It is nice to see John Wesley's name on the album, to me he really is the 5th member of PT. I see he is credited with backing vocals. How important is Wes to PT?


I hope JW will always be available for us and so far he has been, we have not had a situation so far that Wes has not been able to make himself available and I hope that he will always be available for us and he does have a solo career and he is currently working on a new record. He is very important to us on the road of course.


Do you master your CD's and what do you feel about the problem today that most CD's sound the same because of the similar technique used in mastering? Do you miss the demo sound?


I have gradually taken over all the mastering of my projects and this is the first PT album that I have mastered because I was not happy with the way that professional mastering houses were mastering it. There is a tendency to make everything very loud, to try and get volume at the sacrifice of dynamics and too much treble and too much bass and not enough of that warmth in the middle. You know the pressure has been there from record companies to make CD's sound louder because they notionally sound more exciting that way. But over a period of 50-60 mins it really does start to tire your ears out, and that has been a problem with this CD generation, basically your ears get tired quicker.


With the tour underway, in the UK, USA then Europe. How do you cope with the rigours of touring and do you enjoy playing live in front of an audience?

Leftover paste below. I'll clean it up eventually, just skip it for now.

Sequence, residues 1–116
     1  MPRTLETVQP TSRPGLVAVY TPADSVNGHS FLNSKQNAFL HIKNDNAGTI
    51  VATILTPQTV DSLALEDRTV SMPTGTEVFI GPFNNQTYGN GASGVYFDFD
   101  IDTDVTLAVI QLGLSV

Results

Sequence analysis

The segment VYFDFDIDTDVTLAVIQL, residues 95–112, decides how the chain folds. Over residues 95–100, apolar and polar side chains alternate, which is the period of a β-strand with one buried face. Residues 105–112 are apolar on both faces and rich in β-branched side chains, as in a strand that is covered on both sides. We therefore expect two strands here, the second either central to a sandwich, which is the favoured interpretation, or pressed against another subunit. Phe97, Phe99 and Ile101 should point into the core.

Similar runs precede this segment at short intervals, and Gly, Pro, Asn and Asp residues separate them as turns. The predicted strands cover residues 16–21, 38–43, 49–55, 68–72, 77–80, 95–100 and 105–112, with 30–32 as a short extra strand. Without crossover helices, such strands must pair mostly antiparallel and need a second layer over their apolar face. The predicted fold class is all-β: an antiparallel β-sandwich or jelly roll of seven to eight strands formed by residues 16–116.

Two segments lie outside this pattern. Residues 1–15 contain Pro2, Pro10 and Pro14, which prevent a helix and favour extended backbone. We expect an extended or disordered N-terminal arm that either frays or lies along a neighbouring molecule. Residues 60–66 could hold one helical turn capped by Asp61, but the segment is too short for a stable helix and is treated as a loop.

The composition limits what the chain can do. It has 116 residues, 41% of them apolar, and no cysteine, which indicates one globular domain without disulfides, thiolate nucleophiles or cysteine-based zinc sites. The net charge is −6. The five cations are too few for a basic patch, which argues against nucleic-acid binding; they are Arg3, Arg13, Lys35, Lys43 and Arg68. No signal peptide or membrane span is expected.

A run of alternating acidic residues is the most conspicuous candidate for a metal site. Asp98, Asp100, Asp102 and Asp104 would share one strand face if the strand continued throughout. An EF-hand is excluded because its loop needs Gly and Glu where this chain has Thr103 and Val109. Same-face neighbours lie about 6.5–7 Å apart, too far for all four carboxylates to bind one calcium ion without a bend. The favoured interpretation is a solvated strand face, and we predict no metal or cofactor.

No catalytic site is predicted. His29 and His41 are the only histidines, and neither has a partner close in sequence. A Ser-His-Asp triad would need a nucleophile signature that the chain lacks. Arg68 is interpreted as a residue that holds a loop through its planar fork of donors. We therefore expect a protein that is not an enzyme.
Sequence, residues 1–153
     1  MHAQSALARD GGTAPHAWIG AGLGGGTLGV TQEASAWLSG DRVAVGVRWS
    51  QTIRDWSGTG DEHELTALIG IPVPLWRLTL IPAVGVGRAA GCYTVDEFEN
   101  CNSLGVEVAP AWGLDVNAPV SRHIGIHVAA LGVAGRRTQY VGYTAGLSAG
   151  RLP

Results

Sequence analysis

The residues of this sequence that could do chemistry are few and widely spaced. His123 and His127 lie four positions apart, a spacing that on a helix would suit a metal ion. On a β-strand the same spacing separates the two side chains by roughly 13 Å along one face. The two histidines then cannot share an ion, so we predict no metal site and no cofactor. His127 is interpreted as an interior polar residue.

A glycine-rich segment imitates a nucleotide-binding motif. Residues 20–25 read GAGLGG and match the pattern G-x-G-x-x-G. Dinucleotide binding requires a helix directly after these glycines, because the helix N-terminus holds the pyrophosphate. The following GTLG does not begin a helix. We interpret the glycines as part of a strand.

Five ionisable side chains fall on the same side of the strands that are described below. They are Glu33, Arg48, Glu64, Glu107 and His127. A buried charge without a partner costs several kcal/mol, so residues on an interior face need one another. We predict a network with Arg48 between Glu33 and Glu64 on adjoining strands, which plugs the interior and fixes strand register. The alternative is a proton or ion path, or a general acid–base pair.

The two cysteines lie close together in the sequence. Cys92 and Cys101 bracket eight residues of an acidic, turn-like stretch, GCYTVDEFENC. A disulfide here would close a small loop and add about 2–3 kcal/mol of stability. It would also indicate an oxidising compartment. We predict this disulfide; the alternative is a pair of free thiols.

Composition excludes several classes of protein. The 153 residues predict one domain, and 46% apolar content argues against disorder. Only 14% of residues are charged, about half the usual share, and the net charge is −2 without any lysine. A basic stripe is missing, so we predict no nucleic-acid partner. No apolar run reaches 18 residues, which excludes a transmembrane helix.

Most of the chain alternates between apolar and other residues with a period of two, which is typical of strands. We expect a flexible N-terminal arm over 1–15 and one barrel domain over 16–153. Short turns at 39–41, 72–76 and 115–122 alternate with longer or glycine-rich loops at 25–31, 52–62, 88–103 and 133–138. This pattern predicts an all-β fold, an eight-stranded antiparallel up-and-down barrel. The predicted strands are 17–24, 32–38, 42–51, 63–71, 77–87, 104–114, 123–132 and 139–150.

Well yes and no, sometimes I do and sometimes I don't. There are good days at the office and bad days at the office. I didn't enjoy playing Glasgow very much, not because the audience wasn't fantastic but we had a lot of technical problems, the video didn't work, as you saw, we were making a lot of mistakes, although we were kind of expecting that. For the first show you kind of expect that, last night (Newcastle) I enjoyed it more because everything was working better and we played better and I think it will only get better now. But yes when it is good its fantastic, it's the best feeling in the world, you know, so I certainly enjoy the process. In terms of the rigours of touring it is hard this year we are on the road almost the whole year particularly because I was out with Blackfield last month. So I am going to be out on the road for 9 months of the 12 months this year it's very hard, very hard and I don't have much of a personal life and that is a big, big sacrifice, very big sacrifice.


How difficult are PT songs to play live?


That depends, for me they are very hard because I'm not a particularly technically proficient guitar player, for Gavin I am sure it is much easier because he is so good. It's hard you know, Way Out of Here for example is a very hard song to play and we haven't played it properly yet. I have played it properly in rehearsals but haven't played it properly on stage yet. They get harder as I am writing music that gets more and more harder for me to play live on stage every night.